Days Black People Not Re-Enslaved By Trump

Thursday, January 19, 2006

American Big Man

Note: subject is continued at:

Also be sure to catch the latest on the debate at:

The running joke about African leadership is the "Big Man of Africa" joke. For those unfamiliar it is applied to African leaders who stay in office in perpetuity and use the office as their personal fiefdom. I would like to propose that the Bush Regime is no different, unless the so called "opposition" decided to actually show some backbone, balls and brains. It is arguable that the president Bush got into power thanks to the Supreme Court rather than the people. It is also arguable that the president got into office the second time by threatening the press regarding his domestic spying. We know the Times knew about these happenings before the election and failed to report on it because the Bush people claimed "national security." This post is about that issue.

The New York Times is reporting that:

WASHINGTON, Jan. 19 - The Bush administration today offered its fullest defense of the National Security Agency's domestic eavesdropping program, saying that congressional authorization to defeat Al Qaeda after the Sept. 11 attacks "places the president at the zenith of his powers in authorizing the N.S.A. activities."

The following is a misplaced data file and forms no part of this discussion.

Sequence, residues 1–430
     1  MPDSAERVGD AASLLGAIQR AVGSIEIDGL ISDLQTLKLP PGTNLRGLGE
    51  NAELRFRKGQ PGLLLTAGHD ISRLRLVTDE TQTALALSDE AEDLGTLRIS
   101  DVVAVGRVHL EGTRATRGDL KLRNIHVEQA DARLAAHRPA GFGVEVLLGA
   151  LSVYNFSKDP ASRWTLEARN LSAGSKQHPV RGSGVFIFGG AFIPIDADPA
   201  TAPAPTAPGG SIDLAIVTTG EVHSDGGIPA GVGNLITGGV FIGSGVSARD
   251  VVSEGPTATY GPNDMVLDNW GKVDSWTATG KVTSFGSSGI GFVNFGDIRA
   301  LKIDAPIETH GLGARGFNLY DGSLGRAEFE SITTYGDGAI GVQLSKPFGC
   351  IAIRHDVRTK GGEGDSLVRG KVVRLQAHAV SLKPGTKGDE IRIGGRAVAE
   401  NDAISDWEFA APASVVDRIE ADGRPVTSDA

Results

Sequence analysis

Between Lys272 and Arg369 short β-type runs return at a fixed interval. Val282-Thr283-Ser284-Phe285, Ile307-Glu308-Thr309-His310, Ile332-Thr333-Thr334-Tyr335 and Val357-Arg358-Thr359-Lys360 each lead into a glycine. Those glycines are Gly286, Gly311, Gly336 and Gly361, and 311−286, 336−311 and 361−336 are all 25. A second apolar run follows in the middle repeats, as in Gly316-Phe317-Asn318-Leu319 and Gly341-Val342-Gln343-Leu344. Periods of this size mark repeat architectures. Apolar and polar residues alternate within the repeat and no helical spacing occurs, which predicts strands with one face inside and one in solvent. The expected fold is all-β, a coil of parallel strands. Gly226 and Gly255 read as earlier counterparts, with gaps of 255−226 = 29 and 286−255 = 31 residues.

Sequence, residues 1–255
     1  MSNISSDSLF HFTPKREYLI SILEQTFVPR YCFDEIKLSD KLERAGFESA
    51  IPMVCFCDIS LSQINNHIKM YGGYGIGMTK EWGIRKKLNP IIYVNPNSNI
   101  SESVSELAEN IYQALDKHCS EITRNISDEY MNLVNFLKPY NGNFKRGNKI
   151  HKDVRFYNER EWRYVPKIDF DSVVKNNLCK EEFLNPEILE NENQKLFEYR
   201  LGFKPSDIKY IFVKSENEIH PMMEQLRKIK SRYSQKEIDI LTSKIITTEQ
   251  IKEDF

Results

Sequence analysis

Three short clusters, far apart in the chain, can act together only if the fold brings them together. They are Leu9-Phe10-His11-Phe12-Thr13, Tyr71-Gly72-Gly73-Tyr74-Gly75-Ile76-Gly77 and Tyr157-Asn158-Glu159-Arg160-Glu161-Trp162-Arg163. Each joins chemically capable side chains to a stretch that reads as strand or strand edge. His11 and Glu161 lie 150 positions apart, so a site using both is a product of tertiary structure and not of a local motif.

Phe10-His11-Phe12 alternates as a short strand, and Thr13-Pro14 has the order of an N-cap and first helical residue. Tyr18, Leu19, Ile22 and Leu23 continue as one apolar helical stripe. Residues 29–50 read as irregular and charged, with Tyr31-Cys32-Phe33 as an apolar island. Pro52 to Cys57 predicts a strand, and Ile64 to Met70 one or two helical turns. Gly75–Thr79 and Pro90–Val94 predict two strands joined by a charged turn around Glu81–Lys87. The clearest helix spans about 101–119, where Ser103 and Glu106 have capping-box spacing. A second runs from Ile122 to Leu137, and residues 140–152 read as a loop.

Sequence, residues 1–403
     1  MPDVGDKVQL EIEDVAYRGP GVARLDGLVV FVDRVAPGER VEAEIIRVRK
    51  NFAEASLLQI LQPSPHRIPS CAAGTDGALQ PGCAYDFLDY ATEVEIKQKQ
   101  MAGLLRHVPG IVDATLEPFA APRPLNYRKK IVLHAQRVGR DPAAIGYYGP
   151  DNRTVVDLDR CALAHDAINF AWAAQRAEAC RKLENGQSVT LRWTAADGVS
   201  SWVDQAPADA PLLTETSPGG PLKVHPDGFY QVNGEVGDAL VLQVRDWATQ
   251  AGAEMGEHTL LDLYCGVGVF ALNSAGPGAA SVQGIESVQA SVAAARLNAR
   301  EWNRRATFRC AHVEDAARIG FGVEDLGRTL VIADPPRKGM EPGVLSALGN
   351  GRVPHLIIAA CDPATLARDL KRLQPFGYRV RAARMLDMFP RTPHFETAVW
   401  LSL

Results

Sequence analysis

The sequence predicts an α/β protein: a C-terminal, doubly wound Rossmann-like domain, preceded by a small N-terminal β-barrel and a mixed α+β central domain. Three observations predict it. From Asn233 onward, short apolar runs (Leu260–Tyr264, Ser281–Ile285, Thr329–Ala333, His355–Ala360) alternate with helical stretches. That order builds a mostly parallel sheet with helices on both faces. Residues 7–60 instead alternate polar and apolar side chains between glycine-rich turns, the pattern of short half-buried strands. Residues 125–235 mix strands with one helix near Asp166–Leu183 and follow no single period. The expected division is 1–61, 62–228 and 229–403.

In a 42-page white paper, the Justice Department expanded on its past arguments in laying out the legal rationale for why the N.S.A. program does not violate federal wiretap law and why the president is the nation's "sole organ" for foreign affairs.

The text of this argument can be found here:

It is a long read full of Supreme Court decisions (most notably the Hamdi decision which we discussed here on the Ghost)The hub of the argument is that on Sept 14 the Congress authorized president Bush to do whatever he deemed necessary to fight terrorism. Read the report and they will say it over and over again. Now let's look at the actual text of the Sept 14, 2001 resolution.

H.J. Res. 64

Whereas, on September 11, 2001, acts of treacherous
violence were committed against the United States and its
citizens; and
Whereas, such acts render it both necessary and appropriate
that the United States exercise its rights to self-defense
and to protect United States citizens both at home and
abroad; and
Whereas, in light of the threat to the national security
and foreign policy of the United States posed by these grave
acts of violence; and
Whereas, such acts continue to pose an unusual and
extraordinary threat to the national security and foreign
policy of the United States; and
Whereas, the President has authority under the Constitution